Proceedings of the 2019 Conference of the North American Chapter of the Association for Computational Linguistics (Demonstrations)

This paper presents a research platform that supports spoken dialogue interaction with multiple robots. The demonstration showcases our crafted MultiBot testing scenario in which users can verbally issue search, navigate, and follow instructions to two robotic teammates: a simulated ground robot and an aerial robot. This flexible language and robotic platform takes advantage of existing tools for speech recognition and dialogue management that are compatible with new domains, and implements an inter-agent communication protocol (tactical behavior specification), where verbal instructions are encoded for tasks assigned to the appropriate robot.

pdf bib
B. Rex: a dialogue agent for book recommendations
Mitchell Abrams | Luke Gessler | Matthew Marge
Proceedings of the 20th Annual SIGdial Meeting on Discourse and Dialogue

We present B. Rex, a dialogue agent for book recommendations. B. Rex aims to exploit the cognitive ease of natural dialogue and the excitement of a whimsical persona in order to engage users who might not enjoy using more common interfaces for finding new books. B. Rex succeeds in making book recommendations with good quality based on only information revealed by the user in the dialogue.

2018

pdf bib
Dialogue Structure Annotation for Multi-Floor Interaction
David Traum | Cassidy Henry | Stephanie Lukin | Ron Artstein | Felix Gervits | Kimberly Pollard | Claire Bonial | Su Lei | Clare Voss | Matthew Marge | Cory Hayes | Susan Hill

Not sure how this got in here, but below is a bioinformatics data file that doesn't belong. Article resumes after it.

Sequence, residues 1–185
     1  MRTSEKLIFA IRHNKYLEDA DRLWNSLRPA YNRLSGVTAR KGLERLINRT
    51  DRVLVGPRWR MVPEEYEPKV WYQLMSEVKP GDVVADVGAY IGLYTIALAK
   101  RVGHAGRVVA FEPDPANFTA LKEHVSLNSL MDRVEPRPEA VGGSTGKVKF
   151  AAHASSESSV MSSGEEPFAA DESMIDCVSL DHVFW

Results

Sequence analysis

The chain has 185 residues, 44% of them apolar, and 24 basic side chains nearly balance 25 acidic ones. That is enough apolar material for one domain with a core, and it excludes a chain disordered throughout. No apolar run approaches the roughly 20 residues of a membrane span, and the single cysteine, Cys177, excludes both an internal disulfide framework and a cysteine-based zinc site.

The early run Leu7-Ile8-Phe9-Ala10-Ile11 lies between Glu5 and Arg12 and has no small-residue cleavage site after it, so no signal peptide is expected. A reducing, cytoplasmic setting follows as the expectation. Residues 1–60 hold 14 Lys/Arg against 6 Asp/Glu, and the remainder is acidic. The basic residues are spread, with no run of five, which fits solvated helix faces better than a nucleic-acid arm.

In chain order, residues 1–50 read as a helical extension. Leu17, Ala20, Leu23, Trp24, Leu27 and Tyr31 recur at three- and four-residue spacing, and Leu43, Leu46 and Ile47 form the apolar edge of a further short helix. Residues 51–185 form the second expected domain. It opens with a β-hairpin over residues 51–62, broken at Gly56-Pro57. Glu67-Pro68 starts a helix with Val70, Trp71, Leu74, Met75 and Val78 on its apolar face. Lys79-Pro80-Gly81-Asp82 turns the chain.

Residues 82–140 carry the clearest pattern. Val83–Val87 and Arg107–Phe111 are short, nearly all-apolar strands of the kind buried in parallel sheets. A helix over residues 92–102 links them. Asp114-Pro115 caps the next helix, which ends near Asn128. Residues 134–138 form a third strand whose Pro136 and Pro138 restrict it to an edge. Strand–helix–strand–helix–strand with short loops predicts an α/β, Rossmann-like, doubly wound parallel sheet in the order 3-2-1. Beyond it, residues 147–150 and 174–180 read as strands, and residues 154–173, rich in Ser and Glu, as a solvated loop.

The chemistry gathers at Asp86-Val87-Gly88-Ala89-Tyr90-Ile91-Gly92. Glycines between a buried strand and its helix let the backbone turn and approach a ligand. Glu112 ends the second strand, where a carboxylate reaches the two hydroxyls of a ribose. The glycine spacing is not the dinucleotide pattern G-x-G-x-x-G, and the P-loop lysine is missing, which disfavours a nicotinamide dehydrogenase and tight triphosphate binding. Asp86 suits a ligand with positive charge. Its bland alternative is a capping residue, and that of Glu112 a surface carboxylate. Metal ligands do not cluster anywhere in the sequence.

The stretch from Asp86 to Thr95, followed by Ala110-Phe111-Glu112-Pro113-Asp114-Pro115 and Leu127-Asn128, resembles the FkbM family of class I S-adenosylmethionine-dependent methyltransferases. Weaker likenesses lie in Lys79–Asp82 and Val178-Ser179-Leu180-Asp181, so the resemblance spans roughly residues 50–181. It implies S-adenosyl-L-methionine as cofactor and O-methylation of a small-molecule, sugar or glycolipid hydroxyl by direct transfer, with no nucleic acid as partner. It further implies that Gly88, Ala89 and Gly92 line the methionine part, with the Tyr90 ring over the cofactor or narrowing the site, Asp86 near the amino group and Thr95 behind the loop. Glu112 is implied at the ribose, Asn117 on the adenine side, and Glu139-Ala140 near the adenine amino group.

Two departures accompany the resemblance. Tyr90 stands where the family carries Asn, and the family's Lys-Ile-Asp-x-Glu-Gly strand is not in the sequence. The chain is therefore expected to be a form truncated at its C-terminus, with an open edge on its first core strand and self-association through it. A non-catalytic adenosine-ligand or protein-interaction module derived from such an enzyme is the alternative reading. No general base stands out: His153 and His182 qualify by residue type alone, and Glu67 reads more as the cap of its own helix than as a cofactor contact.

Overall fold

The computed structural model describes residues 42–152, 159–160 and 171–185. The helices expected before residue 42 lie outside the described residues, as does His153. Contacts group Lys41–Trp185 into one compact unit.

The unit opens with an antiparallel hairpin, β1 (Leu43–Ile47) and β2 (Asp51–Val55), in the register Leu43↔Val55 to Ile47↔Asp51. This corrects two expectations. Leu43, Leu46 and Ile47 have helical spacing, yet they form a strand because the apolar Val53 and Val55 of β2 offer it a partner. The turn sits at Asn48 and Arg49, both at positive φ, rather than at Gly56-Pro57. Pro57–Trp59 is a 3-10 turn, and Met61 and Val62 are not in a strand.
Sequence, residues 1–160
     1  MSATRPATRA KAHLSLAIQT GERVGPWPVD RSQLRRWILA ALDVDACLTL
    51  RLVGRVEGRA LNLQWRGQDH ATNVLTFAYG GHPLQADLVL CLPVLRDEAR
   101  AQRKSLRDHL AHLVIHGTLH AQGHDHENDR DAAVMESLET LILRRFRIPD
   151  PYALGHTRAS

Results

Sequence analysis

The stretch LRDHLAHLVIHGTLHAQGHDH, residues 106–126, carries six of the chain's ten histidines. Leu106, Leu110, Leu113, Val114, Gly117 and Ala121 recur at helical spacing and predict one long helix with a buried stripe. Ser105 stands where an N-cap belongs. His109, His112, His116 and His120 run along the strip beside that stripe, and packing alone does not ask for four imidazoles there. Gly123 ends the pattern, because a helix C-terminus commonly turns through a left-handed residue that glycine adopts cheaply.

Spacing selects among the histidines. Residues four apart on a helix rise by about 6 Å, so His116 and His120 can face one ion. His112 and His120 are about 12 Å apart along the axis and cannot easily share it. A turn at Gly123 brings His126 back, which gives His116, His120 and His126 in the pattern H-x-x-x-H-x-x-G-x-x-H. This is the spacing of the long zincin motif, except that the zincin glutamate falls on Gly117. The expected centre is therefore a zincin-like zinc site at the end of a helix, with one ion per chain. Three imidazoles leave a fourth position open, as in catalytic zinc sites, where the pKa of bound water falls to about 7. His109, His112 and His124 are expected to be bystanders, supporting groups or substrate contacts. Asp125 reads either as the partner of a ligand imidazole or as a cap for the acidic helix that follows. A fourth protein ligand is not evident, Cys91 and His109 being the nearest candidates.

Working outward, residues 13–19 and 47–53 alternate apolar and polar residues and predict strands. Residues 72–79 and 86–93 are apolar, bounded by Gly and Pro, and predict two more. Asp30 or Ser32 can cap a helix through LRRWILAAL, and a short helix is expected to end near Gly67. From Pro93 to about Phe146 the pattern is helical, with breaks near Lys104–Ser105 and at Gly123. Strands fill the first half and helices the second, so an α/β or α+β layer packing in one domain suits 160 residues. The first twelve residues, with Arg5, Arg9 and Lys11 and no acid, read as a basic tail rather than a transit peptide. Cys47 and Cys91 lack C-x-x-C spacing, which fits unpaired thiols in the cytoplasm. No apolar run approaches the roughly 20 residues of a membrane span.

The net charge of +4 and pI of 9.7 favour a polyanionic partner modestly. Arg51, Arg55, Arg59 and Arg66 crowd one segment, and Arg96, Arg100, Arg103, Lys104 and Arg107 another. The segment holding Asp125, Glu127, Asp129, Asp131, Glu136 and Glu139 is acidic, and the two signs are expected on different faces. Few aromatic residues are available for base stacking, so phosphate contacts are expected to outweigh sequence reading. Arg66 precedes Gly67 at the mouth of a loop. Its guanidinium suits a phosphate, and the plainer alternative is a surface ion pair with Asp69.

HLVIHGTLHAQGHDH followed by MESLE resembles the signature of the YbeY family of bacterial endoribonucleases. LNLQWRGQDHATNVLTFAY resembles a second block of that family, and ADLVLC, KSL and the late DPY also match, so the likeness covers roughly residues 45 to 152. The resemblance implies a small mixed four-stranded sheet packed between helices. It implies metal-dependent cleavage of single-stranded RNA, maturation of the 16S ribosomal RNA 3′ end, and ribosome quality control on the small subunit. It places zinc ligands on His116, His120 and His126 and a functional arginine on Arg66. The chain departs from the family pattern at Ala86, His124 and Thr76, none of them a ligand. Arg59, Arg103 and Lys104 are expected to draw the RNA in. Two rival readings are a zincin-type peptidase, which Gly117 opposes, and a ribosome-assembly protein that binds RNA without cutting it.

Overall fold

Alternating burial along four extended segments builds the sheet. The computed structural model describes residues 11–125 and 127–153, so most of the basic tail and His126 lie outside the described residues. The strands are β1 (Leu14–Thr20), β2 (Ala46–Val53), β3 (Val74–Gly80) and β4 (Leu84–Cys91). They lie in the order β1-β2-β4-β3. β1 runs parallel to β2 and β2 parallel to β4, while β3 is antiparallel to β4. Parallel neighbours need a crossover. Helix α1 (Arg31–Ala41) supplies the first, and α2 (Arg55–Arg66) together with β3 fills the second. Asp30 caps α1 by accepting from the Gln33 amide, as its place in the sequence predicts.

Proceedings of the Eleventh International Conference on Language Resources and Evaluation (LREC 2018)

pdf bib
ScoutBot: A Dialogue System for Collaborative Navigation
Stephanie M. Lukin | Felix Gervits | Cory J. Hayes | Pooja Moolchandani | Anton Leuski | John G. Rogers III | Carlos Sanchez Amaro | Matthew Marge | Clare R. Voss | David Traum
Proceedings of ACL 2018, System Demonstrations

ScoutBot is a dialogue interface to physical and simulated robots that supports collaborative exploration of environments. The demonstration will allow users to issue unconstrained spoken language commands to ScoutBot. ScoutBot will prompt for clarification if the user’s instruction needs additional input. It is trained on human-robot dialogue collected from Wizard-of-Oz experiments, where robot responses were initiated by a human wizard in previous interactions. The demonstration will show a simulated ground robot (Clearpath Jackal) in a simulated environment supported by ROS (Robot Operating System).

pdf bib
Consequences and Factors of Stylistic Differences in Human-Robot Dialogue
Stephanie Lukin | Kimberly Pollard | Claire Bonial | Matthew Marge | Cassidy Henry | Ron Artstein | David Traum | Clare Voss
Proceedings of the 19th Annual SIGdial Meeting on Discourse and Dialogue